Music video production Melbourne - Walken - UNOMI
1373
portfolio_page-template-default,single,single-portfolio_page,postid-1373,ajax_fade,page_not_loaded,,qode-title-hidden,paspartu_enabled,qode_grid_1300,qode-content-sidebar-responsive,qode-theme-ver-10.0,wpb-js-composer js-comp-ver-4.12,vc_responsive
Category
Music Videos

“The clip follows McLaughlin around a stark hall, empty save for WALKEN performing subtly in the backdrop. All at once she’s elated, withheld and melancholy, projecting a bittersweet attitude completely in line with the song’s emotional timbre.” – Happy Mag 17/11/17

.

Cast: Tamara McLaughlin & Tyson Yates

Director: Pernell Marsden
Producer: Gregory Kelly
DP: Ben Cotgrove
Steadicam: David Aponas
1st AC: Bruce Truong
2nd AC: Thomas Corbett
Camera Attach: Caitlyn O’Brien
Gaffer: Elliot Deem
Production Designer: Ashleigh McNamara
Set Runners: Rob Riley / Tyson Yates
Editor: Josef Switak
Colourist: Caleb De Leon

.

Music video production Melbourne
.

So what is a music video?
Let Wikipedia, the free encyclopedia explain.
A music video is a short film integrating a song and imagery, produced for promotional or artistic purposes.[1] Modern music videos are primarily made and used as a marketing device intended to promote the sale of music recordings. There are also cases where songs are used in tie-in marketing campaigns that allow them to become more than just a song. Tie ins and merchandising could be used in toys or marketing campaigns for food and other products. Although the origins of music videos date back to musical short films that first appeared in the 1920s, they came into prominence in the 1980s when MTV based their format around the medium. Prior to the 1980s, these works were described by various terms including “illustrated song”, “filmed insert”, “promotional (promo) film”, “promotional clip”, “promotional video”, “song video”, “song clip” or “film clip”.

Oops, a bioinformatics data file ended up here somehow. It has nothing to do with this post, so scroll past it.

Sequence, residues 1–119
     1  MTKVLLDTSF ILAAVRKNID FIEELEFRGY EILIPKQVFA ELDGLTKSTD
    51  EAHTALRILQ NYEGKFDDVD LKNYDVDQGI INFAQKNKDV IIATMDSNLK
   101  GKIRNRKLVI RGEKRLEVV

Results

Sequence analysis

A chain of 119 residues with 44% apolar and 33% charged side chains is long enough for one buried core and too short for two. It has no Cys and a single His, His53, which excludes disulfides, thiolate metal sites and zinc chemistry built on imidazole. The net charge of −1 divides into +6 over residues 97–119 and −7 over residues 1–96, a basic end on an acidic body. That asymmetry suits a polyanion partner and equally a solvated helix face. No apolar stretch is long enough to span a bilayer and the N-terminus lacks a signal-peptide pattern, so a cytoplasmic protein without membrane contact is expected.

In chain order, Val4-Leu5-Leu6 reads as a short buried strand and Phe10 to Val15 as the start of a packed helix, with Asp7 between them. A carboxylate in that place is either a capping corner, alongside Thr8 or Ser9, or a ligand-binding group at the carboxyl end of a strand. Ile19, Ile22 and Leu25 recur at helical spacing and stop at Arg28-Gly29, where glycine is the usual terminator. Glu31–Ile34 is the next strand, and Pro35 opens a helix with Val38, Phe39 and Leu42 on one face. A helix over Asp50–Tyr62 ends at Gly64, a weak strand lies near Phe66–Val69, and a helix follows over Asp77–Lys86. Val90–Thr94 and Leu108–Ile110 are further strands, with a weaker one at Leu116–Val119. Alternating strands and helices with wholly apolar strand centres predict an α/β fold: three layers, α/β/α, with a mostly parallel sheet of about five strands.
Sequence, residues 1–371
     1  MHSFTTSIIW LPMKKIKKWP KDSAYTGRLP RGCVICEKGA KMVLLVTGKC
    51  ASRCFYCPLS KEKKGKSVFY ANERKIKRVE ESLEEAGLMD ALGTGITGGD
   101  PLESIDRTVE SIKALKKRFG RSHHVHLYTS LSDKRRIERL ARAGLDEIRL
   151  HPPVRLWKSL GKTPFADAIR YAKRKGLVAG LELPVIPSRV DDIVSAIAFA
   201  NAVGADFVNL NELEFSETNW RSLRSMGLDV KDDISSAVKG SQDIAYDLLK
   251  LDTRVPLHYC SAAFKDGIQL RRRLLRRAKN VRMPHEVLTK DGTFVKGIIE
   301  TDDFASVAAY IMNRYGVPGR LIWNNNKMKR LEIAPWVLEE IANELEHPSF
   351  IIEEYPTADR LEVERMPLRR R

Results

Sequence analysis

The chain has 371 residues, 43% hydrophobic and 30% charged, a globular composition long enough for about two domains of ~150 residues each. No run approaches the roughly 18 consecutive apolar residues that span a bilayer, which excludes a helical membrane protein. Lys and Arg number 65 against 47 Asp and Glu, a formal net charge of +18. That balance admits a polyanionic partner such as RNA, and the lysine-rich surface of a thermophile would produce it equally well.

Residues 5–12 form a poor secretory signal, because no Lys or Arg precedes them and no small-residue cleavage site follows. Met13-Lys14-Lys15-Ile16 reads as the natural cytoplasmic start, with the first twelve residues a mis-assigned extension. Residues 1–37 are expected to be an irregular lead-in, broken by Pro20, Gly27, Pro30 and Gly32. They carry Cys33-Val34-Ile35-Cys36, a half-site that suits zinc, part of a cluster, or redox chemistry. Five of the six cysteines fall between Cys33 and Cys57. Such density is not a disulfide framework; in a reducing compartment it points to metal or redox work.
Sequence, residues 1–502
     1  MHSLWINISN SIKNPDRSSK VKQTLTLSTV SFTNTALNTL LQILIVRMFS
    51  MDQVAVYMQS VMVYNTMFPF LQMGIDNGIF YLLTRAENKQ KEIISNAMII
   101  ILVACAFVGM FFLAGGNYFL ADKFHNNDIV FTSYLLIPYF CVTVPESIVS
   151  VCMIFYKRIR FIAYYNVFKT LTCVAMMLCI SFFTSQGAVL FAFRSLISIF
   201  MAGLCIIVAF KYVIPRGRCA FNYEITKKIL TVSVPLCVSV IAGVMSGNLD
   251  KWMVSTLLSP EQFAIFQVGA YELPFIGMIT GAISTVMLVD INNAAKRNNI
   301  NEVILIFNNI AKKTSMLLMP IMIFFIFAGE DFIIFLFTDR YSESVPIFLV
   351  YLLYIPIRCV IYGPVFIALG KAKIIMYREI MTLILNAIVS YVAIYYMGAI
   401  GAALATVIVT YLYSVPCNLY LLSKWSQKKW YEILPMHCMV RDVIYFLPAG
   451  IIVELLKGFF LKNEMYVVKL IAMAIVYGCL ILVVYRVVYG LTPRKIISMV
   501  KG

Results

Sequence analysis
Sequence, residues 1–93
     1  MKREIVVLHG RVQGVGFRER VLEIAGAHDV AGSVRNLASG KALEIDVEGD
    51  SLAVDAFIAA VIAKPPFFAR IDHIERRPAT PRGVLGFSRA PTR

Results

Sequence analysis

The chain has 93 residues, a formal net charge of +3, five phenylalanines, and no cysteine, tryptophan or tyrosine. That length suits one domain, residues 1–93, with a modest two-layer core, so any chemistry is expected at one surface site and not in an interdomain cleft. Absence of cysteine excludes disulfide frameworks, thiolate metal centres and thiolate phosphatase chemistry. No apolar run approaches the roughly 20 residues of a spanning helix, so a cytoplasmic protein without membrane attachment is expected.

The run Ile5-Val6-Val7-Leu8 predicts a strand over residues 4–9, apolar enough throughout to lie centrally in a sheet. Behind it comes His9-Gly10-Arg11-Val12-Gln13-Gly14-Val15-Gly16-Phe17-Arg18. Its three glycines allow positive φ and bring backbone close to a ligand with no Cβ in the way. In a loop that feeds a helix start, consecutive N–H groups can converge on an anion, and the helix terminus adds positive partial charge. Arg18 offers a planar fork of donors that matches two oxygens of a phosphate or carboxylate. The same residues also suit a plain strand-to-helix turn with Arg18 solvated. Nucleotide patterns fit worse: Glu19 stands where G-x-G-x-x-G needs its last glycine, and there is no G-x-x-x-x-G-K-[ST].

Music videos use a wide range of styles of contemporary videomaking techniques, including animation, live action filming, documentaries, and non-narrative approaches such as abstract film. Some music videos blend different styles, such as animation, music, and live action. Combining these styles and techniques has become more popular because of the variation it presents to the audience. Many music videos interpret images and scenes from the song’s lyrics, while others take a more thematic approach. Other music videos may be without a set concept, being merely a filmed version of the song’s live performance.[2]
.
Thanks, Wikipedia.